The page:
Great article.  Some may miss one of the most important hints David sticks in here, "Based on a 315g-strength glue......".  If, like me, you work in a semi-tropical heat-and-humidity area, using a strong glue weight is essential.  :)

Until fairly recently, I assumed that high gel strength = high bond strength, but the Christian Schabbon Strad article, which gave the "strongest glue award" to Amasonan 3B (gel strength ~ 140g) appeared to conclude otherwise. I don't pretend to understand the mechanisms for this*, but I have tried the Amasonan glue, and wasn't disappointed.

*I'd welcome an explanation.

 

Edited by Spelk
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2 hours ago, Spelk said:

Until fairly recently, I assumed that high gel strength = high bond strength, but the Christian Schabbon Strad article, which gave the "strongest glue award" to Amasonan 3B (gel strength ~ 140g) appeared to conclude otherwise. I don't pretend to understand the mechanisms for this*, but I have tried the Amasonan glue, and wasn't disappointed.

*I'd welcome an explanation.

 

In general, the higher the gram strength, the greater the water dilution required to give adequate working time, leaving less actual glue. So it can end up being kind of a wash, depending on the particular job you are doing.

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50 minutes ago, David Burgess said:

In general, the higher the gram strength, the greater the water dilution required to give adequate working time, leaving less actual glue. So it can end up being kind of a wash, depending on the particular job you are doing.

Yes, that makes sense, thanks. But I also remember seeing somewhere that while high gel strength glues give higher cohesive forces (ie the glue sticks to itself more strongly), adhesive forces between the glue and the wood are actually greater for lower gel strength glues. 

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Eventually you'll ditch any numbers and just doi it all by eye and feel. 

The only indicators that I use are how thin it dribbles off of my brush and how warm it feels between my fingers. 

But different strokes. 

I use a pretty medium glue mix for basically the whole violin. The only job that I use thinner blue for is gluing the top on. 

The key is setting up your clamps for optimal speedy gluing. 

I'll usually preheat center joints and neck sets. Sometimes fingerboards if I feel like it.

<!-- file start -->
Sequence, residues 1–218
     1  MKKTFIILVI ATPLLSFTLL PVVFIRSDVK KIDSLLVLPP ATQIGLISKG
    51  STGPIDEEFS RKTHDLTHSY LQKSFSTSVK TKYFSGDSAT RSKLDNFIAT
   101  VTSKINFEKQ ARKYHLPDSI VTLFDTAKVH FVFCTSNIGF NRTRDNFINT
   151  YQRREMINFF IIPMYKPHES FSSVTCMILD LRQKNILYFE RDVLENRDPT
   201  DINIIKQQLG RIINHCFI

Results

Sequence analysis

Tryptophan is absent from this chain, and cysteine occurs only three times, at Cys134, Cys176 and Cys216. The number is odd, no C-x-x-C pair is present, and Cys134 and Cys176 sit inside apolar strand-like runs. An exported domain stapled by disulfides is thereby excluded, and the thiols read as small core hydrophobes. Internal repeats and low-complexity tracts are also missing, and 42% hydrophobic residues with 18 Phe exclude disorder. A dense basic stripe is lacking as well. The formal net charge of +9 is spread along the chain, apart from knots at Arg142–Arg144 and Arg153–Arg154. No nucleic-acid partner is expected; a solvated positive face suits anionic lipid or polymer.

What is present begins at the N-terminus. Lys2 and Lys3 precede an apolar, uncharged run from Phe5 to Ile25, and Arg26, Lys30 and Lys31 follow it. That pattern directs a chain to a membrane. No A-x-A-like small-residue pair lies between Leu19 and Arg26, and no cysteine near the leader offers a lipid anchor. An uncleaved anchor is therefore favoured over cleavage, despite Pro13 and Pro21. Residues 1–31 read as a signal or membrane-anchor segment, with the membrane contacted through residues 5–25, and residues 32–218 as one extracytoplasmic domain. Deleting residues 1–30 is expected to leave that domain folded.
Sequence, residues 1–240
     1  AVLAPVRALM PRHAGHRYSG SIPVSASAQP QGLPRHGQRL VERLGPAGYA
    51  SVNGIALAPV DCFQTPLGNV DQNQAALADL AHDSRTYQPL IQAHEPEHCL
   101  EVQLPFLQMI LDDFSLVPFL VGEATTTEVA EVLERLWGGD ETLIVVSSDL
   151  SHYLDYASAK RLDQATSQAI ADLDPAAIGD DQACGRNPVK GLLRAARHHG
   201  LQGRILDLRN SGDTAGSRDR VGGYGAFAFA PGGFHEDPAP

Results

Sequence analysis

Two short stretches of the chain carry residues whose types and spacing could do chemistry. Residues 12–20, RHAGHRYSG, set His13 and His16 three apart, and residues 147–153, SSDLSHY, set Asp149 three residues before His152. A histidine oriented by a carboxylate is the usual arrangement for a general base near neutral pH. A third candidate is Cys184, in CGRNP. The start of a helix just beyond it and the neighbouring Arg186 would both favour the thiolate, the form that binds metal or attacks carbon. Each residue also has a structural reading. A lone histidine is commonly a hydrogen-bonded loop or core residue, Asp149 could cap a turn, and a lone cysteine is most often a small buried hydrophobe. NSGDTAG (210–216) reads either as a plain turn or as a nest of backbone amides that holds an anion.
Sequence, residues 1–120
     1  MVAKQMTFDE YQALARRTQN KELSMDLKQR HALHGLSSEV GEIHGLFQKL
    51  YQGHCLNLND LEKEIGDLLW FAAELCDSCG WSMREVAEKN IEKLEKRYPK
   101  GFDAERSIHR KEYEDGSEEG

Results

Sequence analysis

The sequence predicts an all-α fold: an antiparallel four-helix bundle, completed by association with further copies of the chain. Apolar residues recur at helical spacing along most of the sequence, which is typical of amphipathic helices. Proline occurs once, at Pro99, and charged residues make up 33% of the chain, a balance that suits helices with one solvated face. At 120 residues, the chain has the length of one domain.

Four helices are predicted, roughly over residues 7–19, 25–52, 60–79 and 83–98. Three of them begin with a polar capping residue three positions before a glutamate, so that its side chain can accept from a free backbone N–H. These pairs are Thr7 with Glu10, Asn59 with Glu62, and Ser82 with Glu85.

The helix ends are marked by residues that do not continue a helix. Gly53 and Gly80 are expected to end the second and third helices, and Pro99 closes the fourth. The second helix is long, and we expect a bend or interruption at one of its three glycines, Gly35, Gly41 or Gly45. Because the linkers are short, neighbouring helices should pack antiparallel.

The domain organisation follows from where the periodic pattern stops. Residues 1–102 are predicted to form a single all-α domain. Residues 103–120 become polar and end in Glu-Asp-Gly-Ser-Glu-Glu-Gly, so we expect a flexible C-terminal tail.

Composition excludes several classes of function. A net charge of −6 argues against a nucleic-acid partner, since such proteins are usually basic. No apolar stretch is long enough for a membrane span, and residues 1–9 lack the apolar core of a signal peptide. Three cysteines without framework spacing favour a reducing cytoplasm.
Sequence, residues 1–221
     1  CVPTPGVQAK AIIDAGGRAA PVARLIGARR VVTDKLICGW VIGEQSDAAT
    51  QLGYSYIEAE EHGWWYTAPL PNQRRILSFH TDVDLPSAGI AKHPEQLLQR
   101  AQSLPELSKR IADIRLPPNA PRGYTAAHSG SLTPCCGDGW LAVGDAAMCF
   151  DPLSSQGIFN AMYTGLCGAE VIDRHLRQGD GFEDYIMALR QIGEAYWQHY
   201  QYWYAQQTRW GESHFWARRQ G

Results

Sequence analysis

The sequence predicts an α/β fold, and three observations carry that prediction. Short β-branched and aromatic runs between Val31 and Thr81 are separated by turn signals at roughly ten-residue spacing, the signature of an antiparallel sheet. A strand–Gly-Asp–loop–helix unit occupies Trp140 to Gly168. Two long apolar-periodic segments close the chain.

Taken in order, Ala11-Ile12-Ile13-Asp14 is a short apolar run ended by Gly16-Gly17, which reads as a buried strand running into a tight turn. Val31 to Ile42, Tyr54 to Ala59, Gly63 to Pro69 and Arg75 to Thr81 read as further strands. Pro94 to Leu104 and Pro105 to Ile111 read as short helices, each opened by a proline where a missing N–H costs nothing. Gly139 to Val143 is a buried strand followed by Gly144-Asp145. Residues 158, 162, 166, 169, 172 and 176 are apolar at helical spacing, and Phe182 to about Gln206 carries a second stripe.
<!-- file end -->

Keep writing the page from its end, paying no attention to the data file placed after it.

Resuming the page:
I think what's also super important that is often overlooked is the amount of glue you lay down. Too much can really complicate things. 

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18 hours ago, Spelk said:

Until fairly recently, I assumed that high gel strength = high bond strength, but the Christian Schabbon Strad article, which gave the "strongest glue award" to Amasonan 3B (gel strength ~ 140g) appeared to conclude otherwise. I don't pretend to understand the mechanisms for this*, but I have tried the Amasonan glue, and wasn't disappointed.

*I'd welcome an explanation.

 

The higher the weight, the higher the melting point, for hide glue, and the better it resists heat and humidity.  :)

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60C seems to have been a trade off between workability and degradation- hide glue strength degrades over time with heating .2-1% per hour at 60c, quadruple that at 80C per a quote of a 1960s book. For industrial uses where you’d have a pot going all week this mattered. Somehow this percolated into wisdom as 60c is ideal.

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10 hours ago, Carl Johnson said:

60C seems to have been a trade off between workability and degradation- hide glue strength degrades over time with heating .2-1% per hour at 60c, quadruple that at 80C per a quote of a 1960s book. For industrial uses where you’d have a pot going all week this mattered. Somehow this percolated into wisdom as 60c is ideal.

Yep, that's the theory, but I have never been comfortable using glue only at 60 °, it gels too quickly, perhaps 62/63 ° is a little better, but maybe it's just my glue or my thermometer is not very accurate...:)

Weisshaar in his chapter on glue indicates 140/145 ° F (60/62 ° C) with an ambient temperature of 70/75 ° F (21/24 ° C). I keep my workshop at 19.5 ° C in the winter, so maybe that's why I need a higher glue temperature.

However, the key if using higher temperatures is to use heating times as short as possible, so as to avoid degradation.